How Smart Start Interlock works
Drivers that have a tricky relationship with alcohol can have a small, discreet, breathalyser ignition lock in their vehicle that stops it starting if they are over the legal limit, Durham Constabulary said. This Smart Start interlock – which is being tested for the first time in The UK - is easy to use. The motorist:
- Gets into the car and retrieves the breathalyser
- Provides a sample of breath
- Waits a few seconds for the sample to be analysed
The Smart Start interlock then confirms the result of the test and reacts accordingly. If, for example, the motorist is above the drink-drive limit it stops the engine starting. The motorist then has to wait long enough to fall below the legal limit, then retest.
There is the opposite scenario, of course. If the motorist is below the drink-drive limit the vehicle starts, drives, and behaves normally. However, the motorist is further required to stop periodically and provide a further sample. If, therefore, the motorist consumes too much alcohol on the move the car is disabled.
The Smart Start interlock is part of The Checkpoint Programme, Durham Constabulary explained. The Programme – in a far wider context than motoring – is an “alternative to prosecution” that offers people a valuable, four month, opportunity to address the cause of their illegal activities to reduce the risk of repetition.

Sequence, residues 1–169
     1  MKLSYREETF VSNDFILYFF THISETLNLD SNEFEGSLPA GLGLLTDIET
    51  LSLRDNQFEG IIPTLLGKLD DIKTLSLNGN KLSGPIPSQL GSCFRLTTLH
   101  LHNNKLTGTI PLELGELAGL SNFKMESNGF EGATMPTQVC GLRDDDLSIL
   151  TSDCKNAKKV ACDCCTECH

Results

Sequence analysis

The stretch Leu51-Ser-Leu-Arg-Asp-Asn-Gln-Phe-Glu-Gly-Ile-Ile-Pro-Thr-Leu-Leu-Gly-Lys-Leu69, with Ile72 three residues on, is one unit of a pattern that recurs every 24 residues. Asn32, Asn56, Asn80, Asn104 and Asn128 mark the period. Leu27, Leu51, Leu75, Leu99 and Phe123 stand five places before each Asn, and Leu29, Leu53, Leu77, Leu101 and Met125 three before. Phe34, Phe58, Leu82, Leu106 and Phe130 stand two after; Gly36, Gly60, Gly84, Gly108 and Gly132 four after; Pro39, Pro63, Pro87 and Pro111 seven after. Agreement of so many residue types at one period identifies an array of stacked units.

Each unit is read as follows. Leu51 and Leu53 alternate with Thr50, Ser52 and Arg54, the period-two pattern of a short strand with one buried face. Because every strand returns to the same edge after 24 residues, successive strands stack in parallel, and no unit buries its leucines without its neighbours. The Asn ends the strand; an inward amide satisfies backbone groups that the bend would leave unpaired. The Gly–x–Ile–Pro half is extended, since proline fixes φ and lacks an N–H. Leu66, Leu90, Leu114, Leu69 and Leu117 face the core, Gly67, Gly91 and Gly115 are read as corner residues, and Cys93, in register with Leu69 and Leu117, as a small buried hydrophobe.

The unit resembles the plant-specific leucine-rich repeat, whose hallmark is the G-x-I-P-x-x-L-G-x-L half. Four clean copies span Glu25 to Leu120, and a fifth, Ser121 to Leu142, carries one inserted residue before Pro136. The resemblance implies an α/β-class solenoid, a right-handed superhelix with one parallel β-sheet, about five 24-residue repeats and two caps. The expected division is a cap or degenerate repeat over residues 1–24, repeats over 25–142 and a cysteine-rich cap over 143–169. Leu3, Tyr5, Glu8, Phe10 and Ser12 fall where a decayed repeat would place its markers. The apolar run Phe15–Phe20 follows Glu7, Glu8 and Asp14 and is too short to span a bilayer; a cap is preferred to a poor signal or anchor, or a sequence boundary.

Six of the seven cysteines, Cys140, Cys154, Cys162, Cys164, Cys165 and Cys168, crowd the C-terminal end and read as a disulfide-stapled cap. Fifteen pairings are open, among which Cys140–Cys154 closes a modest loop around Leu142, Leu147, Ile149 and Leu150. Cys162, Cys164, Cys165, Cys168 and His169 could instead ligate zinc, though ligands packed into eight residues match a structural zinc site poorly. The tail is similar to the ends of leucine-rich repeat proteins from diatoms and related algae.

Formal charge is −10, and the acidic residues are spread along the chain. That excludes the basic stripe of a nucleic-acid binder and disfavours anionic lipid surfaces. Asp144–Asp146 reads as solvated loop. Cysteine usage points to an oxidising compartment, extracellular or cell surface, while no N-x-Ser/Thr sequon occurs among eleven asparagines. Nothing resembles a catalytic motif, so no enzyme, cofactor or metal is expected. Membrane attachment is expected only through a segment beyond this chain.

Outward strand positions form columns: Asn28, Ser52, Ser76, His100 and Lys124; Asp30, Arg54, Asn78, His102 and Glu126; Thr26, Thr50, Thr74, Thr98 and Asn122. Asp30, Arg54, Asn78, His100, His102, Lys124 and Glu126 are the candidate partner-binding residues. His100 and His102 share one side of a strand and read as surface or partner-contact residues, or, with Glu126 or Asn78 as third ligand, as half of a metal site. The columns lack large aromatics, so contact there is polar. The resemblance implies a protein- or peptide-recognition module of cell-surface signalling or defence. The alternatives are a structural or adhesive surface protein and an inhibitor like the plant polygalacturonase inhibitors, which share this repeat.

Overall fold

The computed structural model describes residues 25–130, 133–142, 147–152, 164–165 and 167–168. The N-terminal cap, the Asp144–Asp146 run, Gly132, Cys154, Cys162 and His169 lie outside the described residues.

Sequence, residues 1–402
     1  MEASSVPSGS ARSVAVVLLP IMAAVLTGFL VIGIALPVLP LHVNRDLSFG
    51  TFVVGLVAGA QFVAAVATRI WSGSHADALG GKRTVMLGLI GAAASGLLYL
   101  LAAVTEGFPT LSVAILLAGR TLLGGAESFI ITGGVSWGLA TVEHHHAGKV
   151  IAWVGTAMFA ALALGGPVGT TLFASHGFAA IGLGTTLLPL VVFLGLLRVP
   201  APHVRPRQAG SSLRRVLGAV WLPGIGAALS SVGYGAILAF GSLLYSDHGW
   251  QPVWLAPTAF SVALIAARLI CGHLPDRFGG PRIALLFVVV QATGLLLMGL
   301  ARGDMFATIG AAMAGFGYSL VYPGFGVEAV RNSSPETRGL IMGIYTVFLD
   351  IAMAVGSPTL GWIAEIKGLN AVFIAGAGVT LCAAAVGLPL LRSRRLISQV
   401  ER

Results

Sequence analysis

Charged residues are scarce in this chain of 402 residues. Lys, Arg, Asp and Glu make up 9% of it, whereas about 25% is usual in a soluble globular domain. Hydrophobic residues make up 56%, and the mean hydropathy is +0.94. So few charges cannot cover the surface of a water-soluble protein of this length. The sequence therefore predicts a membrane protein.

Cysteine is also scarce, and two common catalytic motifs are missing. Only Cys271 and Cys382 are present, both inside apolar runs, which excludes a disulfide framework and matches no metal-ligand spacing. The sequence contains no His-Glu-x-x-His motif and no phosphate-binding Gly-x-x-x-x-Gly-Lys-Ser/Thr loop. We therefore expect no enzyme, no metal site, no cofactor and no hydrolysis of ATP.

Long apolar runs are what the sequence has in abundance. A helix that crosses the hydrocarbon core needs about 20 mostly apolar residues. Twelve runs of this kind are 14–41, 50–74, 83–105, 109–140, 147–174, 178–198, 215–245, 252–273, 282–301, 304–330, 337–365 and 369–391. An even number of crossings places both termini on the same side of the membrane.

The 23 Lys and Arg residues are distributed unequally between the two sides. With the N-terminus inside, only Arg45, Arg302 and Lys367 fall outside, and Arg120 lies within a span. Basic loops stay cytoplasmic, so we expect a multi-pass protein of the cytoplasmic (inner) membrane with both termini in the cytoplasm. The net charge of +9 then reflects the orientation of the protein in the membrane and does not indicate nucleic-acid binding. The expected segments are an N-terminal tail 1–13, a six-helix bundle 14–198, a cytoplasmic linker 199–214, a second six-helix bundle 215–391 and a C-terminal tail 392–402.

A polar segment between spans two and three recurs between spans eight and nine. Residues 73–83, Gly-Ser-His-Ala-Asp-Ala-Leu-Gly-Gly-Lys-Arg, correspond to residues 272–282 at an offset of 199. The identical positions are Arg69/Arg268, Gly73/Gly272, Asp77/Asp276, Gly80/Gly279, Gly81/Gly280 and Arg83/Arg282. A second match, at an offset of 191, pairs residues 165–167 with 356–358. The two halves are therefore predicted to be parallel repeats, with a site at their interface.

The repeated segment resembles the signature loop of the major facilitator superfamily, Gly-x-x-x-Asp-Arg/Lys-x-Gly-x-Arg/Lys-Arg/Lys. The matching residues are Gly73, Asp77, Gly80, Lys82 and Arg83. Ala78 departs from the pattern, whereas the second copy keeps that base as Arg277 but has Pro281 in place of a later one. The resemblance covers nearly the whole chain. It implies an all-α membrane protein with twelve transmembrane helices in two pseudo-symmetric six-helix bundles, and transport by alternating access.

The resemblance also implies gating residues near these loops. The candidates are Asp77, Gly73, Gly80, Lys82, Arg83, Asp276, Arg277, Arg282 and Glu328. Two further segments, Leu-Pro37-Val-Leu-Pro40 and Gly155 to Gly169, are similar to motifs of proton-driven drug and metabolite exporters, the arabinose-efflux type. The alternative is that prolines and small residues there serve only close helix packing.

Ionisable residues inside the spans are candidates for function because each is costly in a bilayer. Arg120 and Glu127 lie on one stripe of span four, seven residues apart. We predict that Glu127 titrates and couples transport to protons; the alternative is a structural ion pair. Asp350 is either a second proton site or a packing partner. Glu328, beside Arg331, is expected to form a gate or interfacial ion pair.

“People are often motivated to commit crime due to underlying issues in their lives”, Durham Constabulary explained. The cited, common, problems that frequently lead to suspect behaviour include:
- Health issues
- Money worries
- Poor relationships
Police Commissioner calls for new law
Durham Police Crime and Victims’ Commissioner, Ron Hogg, confirmed: “The misuse of alcohol puts a massive strain on our emergency services. The financial burden alone is estimated to be in the region of eleven billion pounds - not to mention the devastating consequence for the families of those killed or seriously injured.”
Smart Start interlock installation is a common, court imposed, sanction in countries such as The United States of America and Denmark, Mr Hogg continued. The United Kingdom government has “assessed evidence” from such countries and concluded it is an effective, low cost, means to minimise such offending, he revealed.
The Crime and Victims’ Commissioner therefore called for a change of law that enables courts to force motorists to have devices fitted to improve safety. As things stand, motorists that are likely to drink-drive must voluntarily accept such restrictions. There needs to be a “change of national policy”, Mr Hogg concluded.